Turkey and Armenia will mutually appoint special envoys to discuss steps to normalize ties, Foreign Minister Mevlüt Çavuşoğlu announced Monday.
The two countries will also restart charter flights between Istanbul and Yerevan, Çavuşoğlu said at his ministry's budgetary discussions in Parliament.
The borders between the two countries have been closed for decades and diplomatic relations have been on hold.
Armenia and Turkey signed a landmark peace accord in 2009 to restore ties and open their shared border after decades, but the deal was never ratified and ties have remained tense.
Relations between Armenia and Turkey have historically been complicated. Turkey's position on the events of 1915 is that Armenians lost their lives in eastern Anatolia after some sided with the invading Russians and revolted against the Ottoman forces. The subsequent relocation of Armenians resulted in numerous casualties, with massacres by militaries and militia groups from both sides increasing the death toll.
Turkey objects to the presentation of the incidents as "genocide" but describes the 1915 events as a tragedy in which both sides suffered casualties.
Ankara has repeatedly proposed the creation of a joint commission made up of historians from Turkey and Armenia and international experts to tackle the issue.
During the Nagorno-Karabakh conflict last year, Ankara supported Baku and accused Yerevan of occupying Azerbaijan’s territories.
Çavuşoğlu said Turkey would coordinate steps to normalize ties between Armenia and Azerbaijan.
Following Çavuşoğlu’s statements, the Armenian Foreign Ministry similarly said on Tuesday it will appoint a special representative to normalize relations with Turkey.
Vahan Hunanyan, the ministry spokesperson, welcomed Çavuşoğlu’s announcement, according to Public Radio of Armenia.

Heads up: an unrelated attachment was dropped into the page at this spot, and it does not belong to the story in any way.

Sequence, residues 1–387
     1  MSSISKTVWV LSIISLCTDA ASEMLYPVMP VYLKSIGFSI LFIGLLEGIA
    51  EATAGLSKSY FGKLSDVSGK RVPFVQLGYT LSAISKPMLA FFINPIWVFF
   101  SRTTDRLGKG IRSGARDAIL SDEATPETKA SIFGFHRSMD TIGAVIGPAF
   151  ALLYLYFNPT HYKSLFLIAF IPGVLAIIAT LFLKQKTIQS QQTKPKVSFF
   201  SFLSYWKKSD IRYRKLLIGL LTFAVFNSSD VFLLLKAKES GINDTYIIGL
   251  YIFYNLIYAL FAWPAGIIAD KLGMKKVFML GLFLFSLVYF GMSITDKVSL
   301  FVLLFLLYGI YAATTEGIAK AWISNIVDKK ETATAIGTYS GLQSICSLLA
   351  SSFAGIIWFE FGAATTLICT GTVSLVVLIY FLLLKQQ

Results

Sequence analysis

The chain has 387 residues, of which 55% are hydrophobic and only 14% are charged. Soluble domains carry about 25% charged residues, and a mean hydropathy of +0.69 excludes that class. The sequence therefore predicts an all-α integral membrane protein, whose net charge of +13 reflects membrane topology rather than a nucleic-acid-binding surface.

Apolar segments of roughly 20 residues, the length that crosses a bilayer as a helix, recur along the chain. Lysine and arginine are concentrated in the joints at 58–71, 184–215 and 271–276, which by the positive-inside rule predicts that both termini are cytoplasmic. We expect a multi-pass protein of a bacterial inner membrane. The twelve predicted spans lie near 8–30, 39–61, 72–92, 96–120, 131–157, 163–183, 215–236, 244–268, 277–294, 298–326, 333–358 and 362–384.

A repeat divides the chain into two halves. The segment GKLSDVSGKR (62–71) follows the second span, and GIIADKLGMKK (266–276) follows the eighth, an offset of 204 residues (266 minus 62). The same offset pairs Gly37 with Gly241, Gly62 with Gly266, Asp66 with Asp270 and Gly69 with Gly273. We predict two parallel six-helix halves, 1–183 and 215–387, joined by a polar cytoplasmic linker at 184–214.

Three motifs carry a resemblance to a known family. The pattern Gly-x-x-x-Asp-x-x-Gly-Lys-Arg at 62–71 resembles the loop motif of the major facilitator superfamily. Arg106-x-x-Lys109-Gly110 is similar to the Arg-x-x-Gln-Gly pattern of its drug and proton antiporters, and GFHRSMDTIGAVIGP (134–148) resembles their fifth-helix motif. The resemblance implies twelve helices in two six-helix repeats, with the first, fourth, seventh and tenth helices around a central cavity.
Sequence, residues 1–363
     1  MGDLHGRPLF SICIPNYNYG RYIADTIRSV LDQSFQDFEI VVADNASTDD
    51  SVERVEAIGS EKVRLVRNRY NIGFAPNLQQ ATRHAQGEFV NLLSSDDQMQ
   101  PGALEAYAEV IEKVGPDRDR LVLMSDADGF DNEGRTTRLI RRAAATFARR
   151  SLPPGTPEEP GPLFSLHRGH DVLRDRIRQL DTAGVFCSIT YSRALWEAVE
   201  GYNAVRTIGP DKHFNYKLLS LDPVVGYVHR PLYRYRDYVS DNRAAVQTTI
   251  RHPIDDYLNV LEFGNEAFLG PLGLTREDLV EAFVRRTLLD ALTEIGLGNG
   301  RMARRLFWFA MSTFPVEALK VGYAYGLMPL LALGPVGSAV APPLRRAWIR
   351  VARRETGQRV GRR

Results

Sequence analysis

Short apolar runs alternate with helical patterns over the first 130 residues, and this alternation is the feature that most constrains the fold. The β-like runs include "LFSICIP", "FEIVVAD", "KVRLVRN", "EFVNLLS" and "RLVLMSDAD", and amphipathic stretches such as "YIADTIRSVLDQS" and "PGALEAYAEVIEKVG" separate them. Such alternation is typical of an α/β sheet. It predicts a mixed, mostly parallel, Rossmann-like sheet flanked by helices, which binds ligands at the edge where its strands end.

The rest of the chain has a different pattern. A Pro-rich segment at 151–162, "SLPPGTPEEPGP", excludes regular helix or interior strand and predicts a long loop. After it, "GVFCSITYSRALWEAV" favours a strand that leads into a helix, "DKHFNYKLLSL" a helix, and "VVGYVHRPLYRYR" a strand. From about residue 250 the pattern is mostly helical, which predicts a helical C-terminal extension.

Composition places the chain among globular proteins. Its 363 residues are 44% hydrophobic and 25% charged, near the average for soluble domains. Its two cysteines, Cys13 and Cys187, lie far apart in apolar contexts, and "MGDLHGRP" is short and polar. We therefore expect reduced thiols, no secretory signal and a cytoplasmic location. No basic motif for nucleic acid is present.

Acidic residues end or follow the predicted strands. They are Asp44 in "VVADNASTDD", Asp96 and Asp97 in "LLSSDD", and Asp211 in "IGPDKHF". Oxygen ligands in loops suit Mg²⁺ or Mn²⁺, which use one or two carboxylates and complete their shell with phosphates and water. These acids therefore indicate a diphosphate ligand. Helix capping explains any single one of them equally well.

"In this regard, we positively assess the statement of the Turkish Foreign Minister on the appointment of a special representative for the normalization of relations, and confirm that the Armenian side will appoint a special representative for this dialogue," the broadcaster reported citing Hunanyan.
He noted that Armenia is ready to normalize relations with Turkey without preconditions.
"In the Caucasus, we are making intense diplomatic efforts to build regional peace and prosperity along with Azerbaijan," Çavuşoğlu added.
The rapprochement between Yerevan and Ankara comes as the head of the European Council plans to host the leaders of Azerbaijan and Armenia for a trilateral meeting in Brussels on Tuesday.
According to European Union sources, Charles Michel will first hold separate meetings with Azerbaijani President Ilham Aliyev and Armenian Prime Minister Nikol Pashinian before a tripartite meeting later in the evening.
EU sources welcomed the establishment of a direct line of communication between the defense chiefs of the two countries after the war in Nagorno-Karabakh last year and said that there was more to be done to stabilize ties between them.
Armenia and Azerbaijan have been locked in a decadeslong dispute over the region of Nagorno-Karabakh, which lies within Azerbaijan but was under the control of ethnic Armenian forces backed by Armenia since a separatist war there ended in 1994.
Moscow brokered a peace deal last November to end six weeks of fighting over the territory, during which more than 6,600 people were killed. The Russia-brokered truce allowed Azerbaijan to reclaim control over large parts of Nagorno-Karabakh and surrounding areas that the Armenia-backed separatists controlled.
Tensions on the two nations’ border have been building since May, and clashes have been reported ever since.
Most recently, in renewed clashes, Azerbaijan and Armenia last week traded blame for tensions at the border that resulted in casualties on both sides.
"Full responsibility for the escalation lies with Armenia's political and military leaders," Baku’s Defense Ministry said in a statement.
Last month, Aliyev and Pashinian met with Russian President Vladimir Putin in Sochi, Russia.
After the meeting, Putin said that the three leaders agreed to create, before the end of the year, mechanisms for the delimitation and demarcation of the border between the two countries. The talks focused on resolving disputes left over from last year's war and were hailed by all sides as positive.
The trio met less than two weeks after the worst fighting since the Karabakh war killed six Armenian troops and seven Azerbaijani soldiers. They also addressed the issue of rebuilding Soviet-era transport links between Azerbaijan and Armenia, which are currently closed by a mutual blockade.